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Neonatology

About Our Neonatal Intensive Care Unit (NICU)

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Seattle Children’s Level IV NICU Offers the Highest Level of Neonatal Intensive Care in Washington

Seattle Children’s was the first hospital in Washington state to have been designated a Level IV Neonatal Intensive Care Unit (NICU), the highest designation possible. Equipped to care for the tiniest and most critically ill newborns, Children’s 19-bed Level IV NICU receives patients from nearly all Level III NICUs in Washington and Montana.

What does “levels of care” mean?

The Washington State Department of Health and the American Academy of Pediatrics define four levels of neonatal care:

Level I (well newborn nursery)

Pediatricians, family doctors and advanced practice nurses stabilize and provide care for low-risk newborns who are born as early as 35 weeks’ gestation, and are prepared to stabilize sick newborns for transfer to a higher-level NICU.

Level II (special care nursery)

A Level II special care nursery must have the same capabilities as a Level I nursery, and more. Pediatric hospitalists (pediatricians working primarily, or only, in hospitals), neonatologists and neonatal nurse practitioners must be able to care for infants born as early as 32 weeks’ gestation; to provide care for infants recovering after intensive care; to provide brief mechanical ventilation or continuous positive airway pressure, or both; and, sometimes, to provide intravenous nutrition for babies not yet able to feed. In Washington, Seattle Children’s pediatric hospitalists provide care 24 hours a day, seven days a week in the Level II special care nurseries at Skagit Valley Hospital and Providence St. Peter Hospital.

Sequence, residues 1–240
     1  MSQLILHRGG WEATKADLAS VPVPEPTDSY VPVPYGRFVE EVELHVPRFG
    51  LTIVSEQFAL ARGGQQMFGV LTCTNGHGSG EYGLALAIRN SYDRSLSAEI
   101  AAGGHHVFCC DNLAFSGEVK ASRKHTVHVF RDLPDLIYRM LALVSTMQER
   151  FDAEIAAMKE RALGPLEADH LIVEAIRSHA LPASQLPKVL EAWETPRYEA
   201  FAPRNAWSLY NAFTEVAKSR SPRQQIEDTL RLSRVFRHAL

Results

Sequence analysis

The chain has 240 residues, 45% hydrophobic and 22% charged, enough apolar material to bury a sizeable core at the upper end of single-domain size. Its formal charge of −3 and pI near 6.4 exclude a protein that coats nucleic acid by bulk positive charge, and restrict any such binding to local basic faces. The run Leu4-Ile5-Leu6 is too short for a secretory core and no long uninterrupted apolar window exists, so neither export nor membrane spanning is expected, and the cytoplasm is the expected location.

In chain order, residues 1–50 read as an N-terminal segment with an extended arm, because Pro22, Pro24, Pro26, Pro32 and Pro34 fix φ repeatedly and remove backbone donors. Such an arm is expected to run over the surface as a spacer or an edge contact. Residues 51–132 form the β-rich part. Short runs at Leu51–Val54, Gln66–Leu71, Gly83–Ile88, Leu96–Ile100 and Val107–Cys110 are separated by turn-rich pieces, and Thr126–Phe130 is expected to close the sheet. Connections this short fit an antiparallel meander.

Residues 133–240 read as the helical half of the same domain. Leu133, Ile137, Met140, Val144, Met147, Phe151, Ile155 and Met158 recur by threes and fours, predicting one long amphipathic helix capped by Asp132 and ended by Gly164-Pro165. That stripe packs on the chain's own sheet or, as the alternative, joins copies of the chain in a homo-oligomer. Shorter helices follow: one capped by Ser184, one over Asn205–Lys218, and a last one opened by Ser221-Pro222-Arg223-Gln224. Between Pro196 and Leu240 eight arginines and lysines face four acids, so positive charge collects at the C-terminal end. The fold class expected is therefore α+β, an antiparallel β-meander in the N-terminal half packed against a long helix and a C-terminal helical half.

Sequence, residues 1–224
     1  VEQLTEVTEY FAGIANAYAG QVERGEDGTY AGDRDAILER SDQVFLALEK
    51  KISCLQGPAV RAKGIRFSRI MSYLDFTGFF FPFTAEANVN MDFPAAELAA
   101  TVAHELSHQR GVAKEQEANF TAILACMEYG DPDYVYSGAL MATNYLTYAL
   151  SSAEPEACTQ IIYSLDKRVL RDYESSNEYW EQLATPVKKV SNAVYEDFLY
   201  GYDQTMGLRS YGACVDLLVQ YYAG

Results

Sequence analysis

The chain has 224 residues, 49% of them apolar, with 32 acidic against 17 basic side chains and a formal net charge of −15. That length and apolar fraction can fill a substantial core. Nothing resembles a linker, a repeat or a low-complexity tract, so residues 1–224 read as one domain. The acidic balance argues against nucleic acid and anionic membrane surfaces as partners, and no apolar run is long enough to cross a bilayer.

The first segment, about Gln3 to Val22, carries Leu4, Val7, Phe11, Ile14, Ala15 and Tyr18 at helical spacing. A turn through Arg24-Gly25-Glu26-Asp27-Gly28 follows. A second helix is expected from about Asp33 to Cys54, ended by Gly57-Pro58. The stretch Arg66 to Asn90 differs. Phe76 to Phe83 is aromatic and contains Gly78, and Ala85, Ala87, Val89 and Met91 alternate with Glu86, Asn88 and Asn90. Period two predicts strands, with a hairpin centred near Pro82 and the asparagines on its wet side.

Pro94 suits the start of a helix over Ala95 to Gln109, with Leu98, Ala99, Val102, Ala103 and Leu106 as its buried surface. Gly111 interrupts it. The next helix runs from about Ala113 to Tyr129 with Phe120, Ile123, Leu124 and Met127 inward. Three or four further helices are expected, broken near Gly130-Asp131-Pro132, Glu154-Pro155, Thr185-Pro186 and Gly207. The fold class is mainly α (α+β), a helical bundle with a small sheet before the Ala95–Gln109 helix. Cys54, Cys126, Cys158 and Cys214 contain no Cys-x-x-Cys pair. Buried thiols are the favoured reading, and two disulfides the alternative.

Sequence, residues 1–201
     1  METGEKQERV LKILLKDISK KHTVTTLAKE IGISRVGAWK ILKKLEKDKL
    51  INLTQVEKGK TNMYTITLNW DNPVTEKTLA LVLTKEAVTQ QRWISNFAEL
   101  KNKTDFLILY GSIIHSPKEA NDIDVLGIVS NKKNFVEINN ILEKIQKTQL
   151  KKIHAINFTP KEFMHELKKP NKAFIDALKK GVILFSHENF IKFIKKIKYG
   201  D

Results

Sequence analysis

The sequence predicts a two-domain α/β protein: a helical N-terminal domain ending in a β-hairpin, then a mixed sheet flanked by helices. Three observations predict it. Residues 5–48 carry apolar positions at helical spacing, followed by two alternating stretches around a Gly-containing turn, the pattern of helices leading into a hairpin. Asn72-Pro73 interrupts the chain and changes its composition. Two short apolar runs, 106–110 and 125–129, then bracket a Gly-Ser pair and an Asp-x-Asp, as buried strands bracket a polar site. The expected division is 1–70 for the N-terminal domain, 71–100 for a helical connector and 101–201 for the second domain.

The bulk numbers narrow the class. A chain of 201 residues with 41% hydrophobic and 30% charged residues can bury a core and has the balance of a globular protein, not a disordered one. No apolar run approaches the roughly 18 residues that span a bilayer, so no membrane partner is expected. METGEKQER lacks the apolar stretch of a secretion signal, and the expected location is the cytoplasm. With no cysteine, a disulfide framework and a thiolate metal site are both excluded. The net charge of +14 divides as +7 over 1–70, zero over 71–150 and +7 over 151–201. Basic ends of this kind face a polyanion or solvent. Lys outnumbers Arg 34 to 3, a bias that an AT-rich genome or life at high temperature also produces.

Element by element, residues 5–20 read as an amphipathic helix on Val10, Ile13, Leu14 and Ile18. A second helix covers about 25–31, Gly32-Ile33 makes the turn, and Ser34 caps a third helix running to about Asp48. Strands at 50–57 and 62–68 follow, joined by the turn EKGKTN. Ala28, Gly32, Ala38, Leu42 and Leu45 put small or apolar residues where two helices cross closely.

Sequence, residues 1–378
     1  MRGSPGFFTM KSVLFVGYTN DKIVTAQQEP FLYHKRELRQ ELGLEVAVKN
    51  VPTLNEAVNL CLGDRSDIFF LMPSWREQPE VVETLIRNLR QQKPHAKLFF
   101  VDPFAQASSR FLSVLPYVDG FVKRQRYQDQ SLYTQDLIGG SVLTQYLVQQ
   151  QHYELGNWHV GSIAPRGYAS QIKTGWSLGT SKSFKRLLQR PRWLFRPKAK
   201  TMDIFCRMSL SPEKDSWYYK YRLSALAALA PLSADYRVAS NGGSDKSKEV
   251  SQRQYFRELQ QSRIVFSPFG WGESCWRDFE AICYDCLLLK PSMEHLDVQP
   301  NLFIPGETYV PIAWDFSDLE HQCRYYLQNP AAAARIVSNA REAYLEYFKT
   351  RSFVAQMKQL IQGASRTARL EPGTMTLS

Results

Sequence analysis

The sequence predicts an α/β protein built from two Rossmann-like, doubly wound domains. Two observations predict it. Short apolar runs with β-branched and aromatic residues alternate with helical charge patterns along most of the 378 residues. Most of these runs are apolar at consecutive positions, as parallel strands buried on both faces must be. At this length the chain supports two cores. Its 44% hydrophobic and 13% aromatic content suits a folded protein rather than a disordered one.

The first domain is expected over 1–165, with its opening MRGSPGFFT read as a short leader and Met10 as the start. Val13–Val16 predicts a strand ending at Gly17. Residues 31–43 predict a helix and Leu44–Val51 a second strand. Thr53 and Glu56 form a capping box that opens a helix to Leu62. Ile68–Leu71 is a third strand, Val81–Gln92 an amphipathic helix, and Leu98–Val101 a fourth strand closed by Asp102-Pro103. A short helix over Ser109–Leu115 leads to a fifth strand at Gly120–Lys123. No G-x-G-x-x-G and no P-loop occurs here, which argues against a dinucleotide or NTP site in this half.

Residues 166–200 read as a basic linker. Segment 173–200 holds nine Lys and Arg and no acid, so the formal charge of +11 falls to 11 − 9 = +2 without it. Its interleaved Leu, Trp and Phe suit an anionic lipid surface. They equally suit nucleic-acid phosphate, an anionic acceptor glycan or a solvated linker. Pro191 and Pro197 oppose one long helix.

Level III (NICU)

A Level III NICU must have all of the Level II capabilities, and more. It must have quick access to a full range of pediatric medical subspecialists, pediatric surgical subspecialists, pediatric anesthesiologists and pediatric ophthalmologists. A Level III NICU must be able to provide sustained life support, sustained respiratory (breathing) support and advanced imaging, with interpretation on an urgent basis. In addition, it must either be able to provide surgery for common complications of prematurity and common birth defects or have an affiliation with a Level IV NICU, such as the NICUs at the University of Washington, Providence Everett, Overlake Medical Center, St. Joseph Medical Center and Kadlec Regional Medical Center have with Children’s NICU.

Level IV (regional NICU)

A Level IV NICU, such as Seattle Children’s, must have all of the Level III capabilities, and more. It must be located within a hospital that can provide surgery for complex conditions that are present at birth or that develop soon after delivery. A full range of pediatric medical subspecialists, pediatric surgical subspecialists and pediatric anesthesiologists must be available on-site 24 hours a day, seven days a week. Level IV NICUs must also facilitate patient transport and provide outreach education to other providers.

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